Trading platform trueEX has rolled out a new automated trading service for swaps and locked in the participation of two major dealers - something of a coup as banks have traditionally been unwilling to support such efforts in the past.
JPMorgan and Royal Bank of Scotland have committed to making markets on the firm’s new trueFIX service – one they also helped to develop – for standard and bespoke swap transactions.
The service allows dealing desks to price non-standard swap contracts as well as swap packages on an automated basis – a major change for contracts that have traditionally been executed manually and via operationally intensive procedures that both buy and sellside firms have been looking to eliminate.
“The trueEX offering represents a step-change for the industry. By providing clients access to near-instant pricing, execution and processing, trueEX is once again demonstrating the benefits of independent thinking,” said Jennifer Tierney, head of North American rates e-sales at JPM.
“As the market leader, it is natural for JP Morgan to support innovations like this, and participate in initiatives that truly enhance the client experience.”
The service builds on Dodd-Frank and market efforts to move swaps trading into a more exchange-like framework, where contracts execute via transparent prices on-screen.
Development has been slow going as market participants report dealers have pushed back against a move away from old trading methodologies, where banks trade on dealer-only electronic platforms and buyside firms manually execute via requests-for-quote to specific dealer counterparties and at a different price.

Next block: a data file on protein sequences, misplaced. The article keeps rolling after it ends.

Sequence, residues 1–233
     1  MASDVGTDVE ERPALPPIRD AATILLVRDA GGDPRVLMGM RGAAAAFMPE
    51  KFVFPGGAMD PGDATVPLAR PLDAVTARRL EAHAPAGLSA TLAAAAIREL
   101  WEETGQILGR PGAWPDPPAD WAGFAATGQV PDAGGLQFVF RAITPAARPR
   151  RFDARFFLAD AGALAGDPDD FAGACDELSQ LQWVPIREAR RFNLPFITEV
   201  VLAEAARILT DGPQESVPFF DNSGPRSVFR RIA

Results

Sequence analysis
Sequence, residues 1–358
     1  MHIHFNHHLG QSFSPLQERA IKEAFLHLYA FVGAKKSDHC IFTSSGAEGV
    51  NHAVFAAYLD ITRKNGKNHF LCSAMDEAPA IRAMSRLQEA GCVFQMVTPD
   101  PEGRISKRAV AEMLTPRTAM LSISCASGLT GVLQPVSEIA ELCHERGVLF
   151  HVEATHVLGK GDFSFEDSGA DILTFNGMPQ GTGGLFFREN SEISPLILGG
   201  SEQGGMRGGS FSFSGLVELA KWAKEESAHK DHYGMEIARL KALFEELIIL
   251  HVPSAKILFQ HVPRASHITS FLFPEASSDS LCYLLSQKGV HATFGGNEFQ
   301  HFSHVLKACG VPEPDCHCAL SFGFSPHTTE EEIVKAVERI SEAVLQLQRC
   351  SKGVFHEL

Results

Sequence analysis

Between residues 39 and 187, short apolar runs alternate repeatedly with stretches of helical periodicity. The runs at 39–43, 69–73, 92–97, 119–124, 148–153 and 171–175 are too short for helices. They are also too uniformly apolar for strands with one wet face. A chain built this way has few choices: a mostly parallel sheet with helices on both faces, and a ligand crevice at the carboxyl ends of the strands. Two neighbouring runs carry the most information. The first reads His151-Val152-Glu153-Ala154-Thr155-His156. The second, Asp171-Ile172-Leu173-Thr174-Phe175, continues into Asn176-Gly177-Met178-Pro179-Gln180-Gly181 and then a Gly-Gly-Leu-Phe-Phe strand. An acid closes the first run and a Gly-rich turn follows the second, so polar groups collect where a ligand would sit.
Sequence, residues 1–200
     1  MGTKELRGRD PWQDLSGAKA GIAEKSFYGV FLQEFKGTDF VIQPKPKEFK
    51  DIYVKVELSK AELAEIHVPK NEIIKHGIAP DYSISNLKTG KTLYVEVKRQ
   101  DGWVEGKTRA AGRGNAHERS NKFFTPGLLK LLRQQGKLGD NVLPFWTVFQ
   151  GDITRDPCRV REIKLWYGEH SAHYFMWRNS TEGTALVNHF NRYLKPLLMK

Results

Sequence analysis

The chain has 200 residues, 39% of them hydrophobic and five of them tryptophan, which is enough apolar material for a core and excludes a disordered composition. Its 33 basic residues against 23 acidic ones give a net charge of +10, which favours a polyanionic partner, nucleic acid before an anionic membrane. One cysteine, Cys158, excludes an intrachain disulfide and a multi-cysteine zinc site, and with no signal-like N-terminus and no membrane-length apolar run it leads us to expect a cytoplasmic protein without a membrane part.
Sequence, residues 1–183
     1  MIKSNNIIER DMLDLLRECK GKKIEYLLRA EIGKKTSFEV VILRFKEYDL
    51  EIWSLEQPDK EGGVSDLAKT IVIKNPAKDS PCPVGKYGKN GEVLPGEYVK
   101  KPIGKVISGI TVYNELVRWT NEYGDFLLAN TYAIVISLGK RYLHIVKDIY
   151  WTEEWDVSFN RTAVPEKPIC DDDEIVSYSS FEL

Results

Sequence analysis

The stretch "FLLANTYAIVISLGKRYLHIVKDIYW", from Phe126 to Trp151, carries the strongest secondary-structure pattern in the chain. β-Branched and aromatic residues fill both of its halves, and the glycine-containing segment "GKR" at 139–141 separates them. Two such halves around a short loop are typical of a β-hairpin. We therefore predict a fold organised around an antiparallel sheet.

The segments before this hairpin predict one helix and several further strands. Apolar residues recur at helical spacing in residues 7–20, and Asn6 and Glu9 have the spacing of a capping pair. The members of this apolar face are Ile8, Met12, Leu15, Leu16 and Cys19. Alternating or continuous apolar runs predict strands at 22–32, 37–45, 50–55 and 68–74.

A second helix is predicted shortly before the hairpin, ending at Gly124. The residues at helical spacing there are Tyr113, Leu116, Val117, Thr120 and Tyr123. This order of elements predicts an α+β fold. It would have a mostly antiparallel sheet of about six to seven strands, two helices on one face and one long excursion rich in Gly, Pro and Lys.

A lawsuit was filed two weeks ago in US District Court alleging that JPM and RBS, among others, blocked trueEX and other platforms from providing exchange-like trading of interest rate swaps in recent years.
The suit alleges that bankers colluded to maintain a bifurcated market structure in order to “extract billions of dollars in monopoly rents, year after year, from the class members in this case,” the lawsuit notes.
The JPM/RBS agreement may evidence changing tides in swaps markets, where dealers are constantly under pressure to relinquish control of dealer-specific pricing models.
So far, Dodd-Frank rules have mandated standard swaps to be traded through regulated swap execution facilities and under specific trading protocols. Many other instruments, such as swaps with non-standard maturity dates, continue to trade off-SEF.
The trueFIX service aims to rope in those non-standard swaps for more automated execution methods.
“trueFIX creates more and better trading opportunities for buy-side firms and lowers trade processing costs through the elimination of manual errors,” said Alan Mittleman, head of rates trading for the Americas at RBS. “It’s a game changer for the interest rate swap market that will clearly benefit our clients’ businesses.”
trueEX launched in 2012 as a challenger to incumbent swap-trading platforms operated by inter-dealer brokers such as ICAP and Tradition – and incumbent dealer-to-buyside platforms Tradeweb and Bloomberg.
The platform’s CEO, Sunil Hirani, said that 19 banks have signed up as market-makers with several looking to build into the trueFIX API in the future. Other challenger platforms have struggled to achieve dealer buy-in and in some cases have restructured business models in response.
The firm also has 73 buyside firms signed on to the service and has executed US$1trn notional since launch.